Federal and local representatives joined officials from the Delaware River Port Authority and Lindenwold, N.J.’s PATCO to “turn the key” on the first six railcars to re-enter service on PATCO’s High-Speed Line after extensive rehabilitation of the cars’ interiors and operating systems. All 120 of the cars in PATCO’s fleet will be upgraded over the course of the $194 million refurbishment.
The cars are being rehabilitated by Alstom Transport in Hornell, N.Y. The improvements include the cars’ interiors (flip-up seating for wheelchairs and bicycles; new seats and slip-resistant floors; new lighting; new windows and HVAC systems) and exteriors and operating systems, including new braking systems that conserve energy by returning the power generated in braking to the cars’ power systems.
Additionally, there have been significant upgrades to communications and security systems. The new public address system has external speakers so announcements made on a train can be heard on platforms. Also, train operators can access the public address system from their hand-held radios, so they can make announcements from wherever they are, including off the train if necessary. There will also be better messaging for passengers in stations, including real-time “next-train” information via the new video infotainment and advertising system.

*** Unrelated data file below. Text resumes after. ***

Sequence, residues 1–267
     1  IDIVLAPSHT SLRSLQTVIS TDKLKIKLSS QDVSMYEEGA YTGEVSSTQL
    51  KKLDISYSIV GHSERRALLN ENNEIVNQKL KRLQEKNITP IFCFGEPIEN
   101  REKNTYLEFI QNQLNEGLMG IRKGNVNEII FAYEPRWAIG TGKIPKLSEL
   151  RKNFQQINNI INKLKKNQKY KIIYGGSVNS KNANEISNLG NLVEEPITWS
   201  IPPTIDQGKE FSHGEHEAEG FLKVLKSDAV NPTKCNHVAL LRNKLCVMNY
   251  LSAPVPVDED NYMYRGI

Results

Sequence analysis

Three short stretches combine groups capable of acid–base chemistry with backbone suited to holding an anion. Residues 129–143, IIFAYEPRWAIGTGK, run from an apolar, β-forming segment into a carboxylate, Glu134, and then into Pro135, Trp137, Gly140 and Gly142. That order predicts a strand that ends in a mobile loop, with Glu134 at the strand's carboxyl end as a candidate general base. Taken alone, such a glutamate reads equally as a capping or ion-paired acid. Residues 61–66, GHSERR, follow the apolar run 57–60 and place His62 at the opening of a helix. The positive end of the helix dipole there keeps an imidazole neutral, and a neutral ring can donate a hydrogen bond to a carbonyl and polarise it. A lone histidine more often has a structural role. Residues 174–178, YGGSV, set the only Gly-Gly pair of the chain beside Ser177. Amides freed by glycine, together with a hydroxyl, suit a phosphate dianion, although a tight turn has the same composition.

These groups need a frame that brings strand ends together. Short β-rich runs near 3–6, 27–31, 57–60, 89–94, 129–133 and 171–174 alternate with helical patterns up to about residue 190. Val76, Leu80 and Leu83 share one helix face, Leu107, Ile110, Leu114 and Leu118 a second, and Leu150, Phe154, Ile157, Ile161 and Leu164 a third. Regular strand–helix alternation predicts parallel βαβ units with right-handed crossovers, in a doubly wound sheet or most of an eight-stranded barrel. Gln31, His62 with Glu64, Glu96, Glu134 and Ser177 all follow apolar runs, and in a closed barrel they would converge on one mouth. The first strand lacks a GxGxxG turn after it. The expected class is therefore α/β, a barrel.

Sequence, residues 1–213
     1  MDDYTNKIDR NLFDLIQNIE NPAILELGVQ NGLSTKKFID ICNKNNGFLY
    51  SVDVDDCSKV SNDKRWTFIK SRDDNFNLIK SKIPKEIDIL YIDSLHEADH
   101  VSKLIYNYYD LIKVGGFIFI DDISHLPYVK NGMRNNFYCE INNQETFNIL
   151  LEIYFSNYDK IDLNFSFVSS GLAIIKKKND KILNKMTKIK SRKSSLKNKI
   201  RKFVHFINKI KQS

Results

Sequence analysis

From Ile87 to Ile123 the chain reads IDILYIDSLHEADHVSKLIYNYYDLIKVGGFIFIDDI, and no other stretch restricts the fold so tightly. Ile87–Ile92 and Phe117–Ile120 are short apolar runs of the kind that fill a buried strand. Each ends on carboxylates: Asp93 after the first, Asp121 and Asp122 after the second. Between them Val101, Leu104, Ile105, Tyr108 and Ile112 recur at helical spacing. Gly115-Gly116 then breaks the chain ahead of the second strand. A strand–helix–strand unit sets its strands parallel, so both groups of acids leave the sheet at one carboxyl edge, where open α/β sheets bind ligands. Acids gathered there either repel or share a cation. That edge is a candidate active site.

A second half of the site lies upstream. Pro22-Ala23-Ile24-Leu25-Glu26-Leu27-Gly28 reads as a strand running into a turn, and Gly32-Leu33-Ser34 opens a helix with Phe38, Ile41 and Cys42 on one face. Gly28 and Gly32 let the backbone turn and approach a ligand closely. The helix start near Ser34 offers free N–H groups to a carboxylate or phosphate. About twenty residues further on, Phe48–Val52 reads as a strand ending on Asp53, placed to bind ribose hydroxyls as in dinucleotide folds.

The six refurbished cars will be joined by six more this summer; after that, four a month will go to Alstom for refurbishing, according to John Rink, PATCO’s GM.
“Now that Alstom has resolved the issues we encountered before we could approve the prototype cars, we’re moving into production mode,” Rink said. “We anticipate having the entire fleet refurbished within the next 18 months.”
Combined, PATCO cars log about 4.3 million miles annually, running 24/7 on the 14.2-mile route between Lindenwold, N.J. and Center City Philadelphia.